If you live in Louisville, you have been exposed to healthy lifestyle options. We are, after all, a city on the forefront of the farm to table movement. We are a community with an active cycling population. Bike paths. Walking bridges. Walk-a-thons. Marathons.
But, like most urban areas, Louisville is also struggling with the social and economic factors that lead to illness and premature death: poverty, lack of education, access to healthcare, air quality, nutrition, violent crime.
And one statistic leaps off all the pages, placing Louisville – and all of Kentucky – behind the national curve. In Louisville, 23 percent of the population are smokers. That’s better than the nearly 27 percent throughout the commonwealth. But it’s still far above the national average of 17 percent.
“We bounce back and forth between being the worst state in the country, and next-to-worst,” says Bonnie Hackbarth, director of communications for the Foundation for a Healthy Kentucky. “In some years, we’re slightly better than West Virginia; in other years, West Virginia is a little better than we are.”
Every other state has left these two behind.
Louisville’s health profile is in no way dominated by cigarettes. It’s not all horrible news. But the numbers suggest that there are many things we could and should be doing to improve our national standing and our quality of life.
LIFE—AND DEATH—BY THE NUMBERS
77.6 in Louisville
79 in the US
69 in Iraq
67.8 in the California-Parkland neighborhood
Deaths due to poverty
367 in Louisville
5% of all metro deaths
7 per 1,000 live births
Heart disease deaths
181 per 100,000 in Louisville
194 in the US
190 per 100,000 in Louisville
186 in the US
65.5 percent of the Louisville population lives in high-risk areas for cancer
38 percent of the Louisville population lives in in high-risk areas for chronic disease
death from lung cancer: 60 per 100,000
colorectal cancer: 16 per 100,000
breast cancer: 23 per 100,000
prostate cancer: 20 per 100,000
Heart disease deaths
181 per 100,000 in Louisville
194 in the US
28 per 100,000 in Louisville
22.4 in the US
4 HEALTH FEARS
Kentucky adults were asked what they think the most severe health issues are. The Top Four responses:
Access – they can’t get the healthcare they need; they can’t afford the healthcare available; they can’t get to healthcare facilities when they need it.
According to the “Metro Health Equity Report”:
10.2 percent of Louisvillians have no access to their own vehicles
8.9 percent – the US average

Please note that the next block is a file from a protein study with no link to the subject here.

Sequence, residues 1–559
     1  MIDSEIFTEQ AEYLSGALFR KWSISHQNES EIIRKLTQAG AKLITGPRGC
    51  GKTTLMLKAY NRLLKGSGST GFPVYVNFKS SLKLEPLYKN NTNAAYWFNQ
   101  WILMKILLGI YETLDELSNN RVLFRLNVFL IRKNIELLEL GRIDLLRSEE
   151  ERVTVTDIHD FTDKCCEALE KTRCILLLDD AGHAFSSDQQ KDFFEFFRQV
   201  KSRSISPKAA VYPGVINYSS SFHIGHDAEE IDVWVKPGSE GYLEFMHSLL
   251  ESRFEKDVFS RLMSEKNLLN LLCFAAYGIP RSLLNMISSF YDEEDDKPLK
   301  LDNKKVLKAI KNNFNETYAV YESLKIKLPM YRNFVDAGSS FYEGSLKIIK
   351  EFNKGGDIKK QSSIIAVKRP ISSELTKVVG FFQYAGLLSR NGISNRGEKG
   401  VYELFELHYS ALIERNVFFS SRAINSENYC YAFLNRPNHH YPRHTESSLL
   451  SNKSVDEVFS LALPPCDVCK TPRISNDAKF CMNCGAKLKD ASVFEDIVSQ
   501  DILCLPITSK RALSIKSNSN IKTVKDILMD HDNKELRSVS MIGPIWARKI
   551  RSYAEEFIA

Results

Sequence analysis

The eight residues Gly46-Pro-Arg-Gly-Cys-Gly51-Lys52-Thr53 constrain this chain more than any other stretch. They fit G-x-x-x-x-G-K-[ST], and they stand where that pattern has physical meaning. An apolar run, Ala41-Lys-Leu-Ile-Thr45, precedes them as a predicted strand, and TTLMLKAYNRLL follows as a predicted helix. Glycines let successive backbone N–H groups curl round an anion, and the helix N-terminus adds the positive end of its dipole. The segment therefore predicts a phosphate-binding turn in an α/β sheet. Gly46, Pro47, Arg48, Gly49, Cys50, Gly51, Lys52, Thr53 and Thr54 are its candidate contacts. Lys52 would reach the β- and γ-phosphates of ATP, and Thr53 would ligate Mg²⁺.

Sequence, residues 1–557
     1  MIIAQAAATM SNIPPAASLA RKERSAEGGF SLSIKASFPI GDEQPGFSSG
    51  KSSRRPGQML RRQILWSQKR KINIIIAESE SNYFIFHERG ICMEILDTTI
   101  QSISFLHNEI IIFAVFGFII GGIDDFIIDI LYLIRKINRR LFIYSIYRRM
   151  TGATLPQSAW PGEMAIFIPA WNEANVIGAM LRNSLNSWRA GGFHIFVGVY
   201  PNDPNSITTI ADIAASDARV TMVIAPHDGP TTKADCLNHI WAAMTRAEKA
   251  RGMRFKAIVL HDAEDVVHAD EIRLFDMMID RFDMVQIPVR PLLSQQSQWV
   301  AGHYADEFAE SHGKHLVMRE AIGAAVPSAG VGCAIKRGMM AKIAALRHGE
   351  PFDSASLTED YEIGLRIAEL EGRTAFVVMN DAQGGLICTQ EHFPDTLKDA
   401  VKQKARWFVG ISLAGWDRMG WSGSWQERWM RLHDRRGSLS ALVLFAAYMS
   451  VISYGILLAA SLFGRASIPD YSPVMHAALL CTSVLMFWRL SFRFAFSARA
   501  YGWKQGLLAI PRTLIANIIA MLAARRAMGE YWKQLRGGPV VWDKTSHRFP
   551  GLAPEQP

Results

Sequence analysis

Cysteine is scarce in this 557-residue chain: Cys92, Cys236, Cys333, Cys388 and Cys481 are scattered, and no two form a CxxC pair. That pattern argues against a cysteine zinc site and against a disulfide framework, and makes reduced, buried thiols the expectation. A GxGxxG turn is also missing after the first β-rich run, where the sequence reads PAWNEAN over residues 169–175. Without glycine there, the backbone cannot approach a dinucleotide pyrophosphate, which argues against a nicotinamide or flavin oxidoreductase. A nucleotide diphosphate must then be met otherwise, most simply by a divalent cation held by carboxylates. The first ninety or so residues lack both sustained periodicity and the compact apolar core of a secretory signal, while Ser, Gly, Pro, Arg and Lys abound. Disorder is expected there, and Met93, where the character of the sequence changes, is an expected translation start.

51.2 percent – residents of the Russell neighborhood
in eight Louisville neighborhoods, that percentage is greater than 20 percent.
UP IN SMOKE
Finally, the rate of smoking in Louisville (and in Kentucky) is going in the right direction: downward. But it’s still higher than the national average. (Courtesy of Foundation for a Healthy Kentucky.) Here’s who’s lighting up and some repurcussions.
Currently: 26.6 percent
Five years ago: 29.5 percent
National average: 17.5 percent
High school smoking
Currently: 16.9 percent
Five years ago: 26.1 percent
National average: 10.8 percent
11.6 percent of adults diagnosed with prevalence toward COPD
10.4 percent five years ago
6.1 percent national average
Kentucky ranks 48th out of 50 states.
THE GOOD NEWS
The cancer rate for the state is decreasing.
Cancer mortality – 202.6 per 100,000
Five years ago: 211.9 per 100,000
The heart disease rate for the state is decreasing.
Currently: 200.5 per 100,000
Five years ago: 210.1 per 100,000
Louisville is above the national average in immunization of children. Children 19-35 months in Louisville: 84 percent; U.S.: 81 percent
Louisville is below the national average in numbers of infectious diseases. Louisville: 16.2 per 100,000; US: 23 per 100,000
Kentucky was one of the first states to introduce a “quit line” for those who need help, advice and resources to stop smoking. “The Centers for Disease Control tell us 70 percent of current smokers would like to quit,” says the Foundation’s Hackbarth.
This will be an even bigger resource,” she says,” following the passage of FB89 by the federal government, requiring health insurers to cover FDA-approved cessation programs.” The federal program goes into effect in July, and the state has planned an informational campaign to assure consumers, insurers and providers understand the tools available.
WE’RE NOT FLOODING THE ER